Thereafter, the cap element and the chip-containing wafer are joined together according to processing such as described above with reference to FIG. 2A, such joining process preferably being performed in a facility having a high cleanroom level. For example, such process is desirably performed in a semiconductor fabrication facility, which can be the same facility in which the device wafer which contains the chips is made. When the chips include optically active elements such as imaging sensors, processing to complete the conductive interconnects 303 (FIG. 3C) of each cap element can be deferred until later processing, if desired, since the primary concern is to mount the cap element as a cover over the chip wafer to avoid dust contamination. However, if the chip contains a SAW device, MEMs device or other such device requiring hermetic packaging, it is desirable to form the conductive interconnects 303 when the cap is first joined to the device wafer, to form a seal which protects the SAW device during subsequent stages of processing. Again, some testing is then desirably performed to assure that quality standards are met prior to proceeding to subsequent stages of fabrication. In chips that do not require hermetic sealing, subsequent processing can be conducted later to form the electrical interconnects and to provide any further sealing that is needed. Such processing can be performed in another facility other than the semiconductor fabrication facility, and at a cleanroom level that is not required to be as high as that of a semiconductor fabrication facility.

The mounting of a cap element to a chip wafer, as described in the foregoing, is especially advantageous for the packaging of certain types of chips, especially those including SAW devices, MEMs devices, and optical devices, potentially resulting in increased yields, due to the ability of such processing to be performed efficiently in cleanroom environments of semiconductor fabrication facilities, where sources of contamination are kept to a minimum. In particular, it is especially desirable to protect chips which include imaging sensors such as charge-coupled device (CCD) arrays and CMOS PN arrays and the like from dust or other particle contamination by attaching a cap or lid to the front surface of the chip, as early in the packaging process as possible. Such imaging sensors include an imaging device array of a chip, over which a layer including an array of bubble-shaped microlenses is formed in contact with the device array. The array of microlenses typically includes one microlens per pixel unit of the device array, the pixel unit having dimensions of a few microns on each side. In addition, such microlenses are often made of a sticky material to which dust tends to adhere after manufacture. An example of a material used to fabricate microlenses is paralyene. Particles and dust, if allowed to settle directly on an imaging sensor, can obscure a portion of the pixel area of the imaging sensor, causing the image captured by the sensor to exhibit a black spot or degraded image.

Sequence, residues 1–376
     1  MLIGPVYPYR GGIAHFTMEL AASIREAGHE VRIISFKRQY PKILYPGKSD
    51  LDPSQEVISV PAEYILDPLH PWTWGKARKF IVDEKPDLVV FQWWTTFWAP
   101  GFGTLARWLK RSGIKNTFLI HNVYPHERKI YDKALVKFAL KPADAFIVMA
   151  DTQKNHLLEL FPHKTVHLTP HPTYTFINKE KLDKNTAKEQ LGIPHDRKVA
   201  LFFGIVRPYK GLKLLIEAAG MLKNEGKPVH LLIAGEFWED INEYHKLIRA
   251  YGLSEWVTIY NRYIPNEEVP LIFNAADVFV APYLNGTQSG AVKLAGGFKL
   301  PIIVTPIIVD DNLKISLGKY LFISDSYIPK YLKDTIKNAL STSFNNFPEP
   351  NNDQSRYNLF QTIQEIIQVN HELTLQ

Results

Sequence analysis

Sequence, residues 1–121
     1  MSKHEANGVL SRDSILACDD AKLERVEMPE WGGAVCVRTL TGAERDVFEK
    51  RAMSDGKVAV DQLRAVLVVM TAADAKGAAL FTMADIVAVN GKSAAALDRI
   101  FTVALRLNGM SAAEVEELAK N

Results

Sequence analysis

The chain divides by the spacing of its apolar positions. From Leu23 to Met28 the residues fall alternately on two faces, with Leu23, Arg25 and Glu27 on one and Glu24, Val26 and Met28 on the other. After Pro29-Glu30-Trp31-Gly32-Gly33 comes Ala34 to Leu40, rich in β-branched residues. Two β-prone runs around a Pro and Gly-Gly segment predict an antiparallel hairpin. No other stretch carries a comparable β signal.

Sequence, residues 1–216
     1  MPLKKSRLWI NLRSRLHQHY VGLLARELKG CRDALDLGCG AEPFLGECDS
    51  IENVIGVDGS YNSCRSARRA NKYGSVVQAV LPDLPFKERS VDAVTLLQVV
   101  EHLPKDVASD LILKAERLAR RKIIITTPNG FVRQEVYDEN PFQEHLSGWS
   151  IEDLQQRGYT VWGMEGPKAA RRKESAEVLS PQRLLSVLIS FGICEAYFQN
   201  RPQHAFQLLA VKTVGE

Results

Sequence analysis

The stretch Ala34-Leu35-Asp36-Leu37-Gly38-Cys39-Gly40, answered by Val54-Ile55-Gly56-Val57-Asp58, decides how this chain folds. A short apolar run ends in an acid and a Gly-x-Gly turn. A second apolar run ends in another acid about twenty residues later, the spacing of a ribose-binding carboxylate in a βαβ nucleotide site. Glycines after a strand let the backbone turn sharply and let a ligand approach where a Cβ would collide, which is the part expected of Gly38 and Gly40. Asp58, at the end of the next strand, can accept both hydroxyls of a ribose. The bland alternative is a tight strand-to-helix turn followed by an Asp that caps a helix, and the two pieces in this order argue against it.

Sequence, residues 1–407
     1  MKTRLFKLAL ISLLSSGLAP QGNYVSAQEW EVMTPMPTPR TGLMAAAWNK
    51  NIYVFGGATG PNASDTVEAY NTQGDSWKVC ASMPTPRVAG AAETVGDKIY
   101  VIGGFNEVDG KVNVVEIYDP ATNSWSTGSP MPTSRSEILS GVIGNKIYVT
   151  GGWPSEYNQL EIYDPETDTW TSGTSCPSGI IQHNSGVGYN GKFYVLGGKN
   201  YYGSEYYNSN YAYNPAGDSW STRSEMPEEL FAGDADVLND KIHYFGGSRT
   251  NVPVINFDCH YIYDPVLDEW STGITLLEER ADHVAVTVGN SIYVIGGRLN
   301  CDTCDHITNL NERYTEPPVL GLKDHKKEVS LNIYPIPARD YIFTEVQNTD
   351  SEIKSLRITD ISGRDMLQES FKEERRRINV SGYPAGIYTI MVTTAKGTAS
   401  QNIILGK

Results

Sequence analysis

However, owing to the shape of the microlenses and their number, and the sticky nature of the material used to make them, it is virtually impossible to remove dust or other particles that settle on the surface of a typical imaging sensor having such microlenses. Thus, any particles which settle on the imaging sensor at any time after the microlens array is formed, such as during the packaging or dicing processes, render the imaging sensor defective, such that it must be discarded. This provides an explanation why such imaging sensor chips, when packaged according to conventional chip-on-board techniques, exhibit a yield rate in the final packaged chips, which is only 80% to 85% of the chips fabricated on each wafer that initially test good.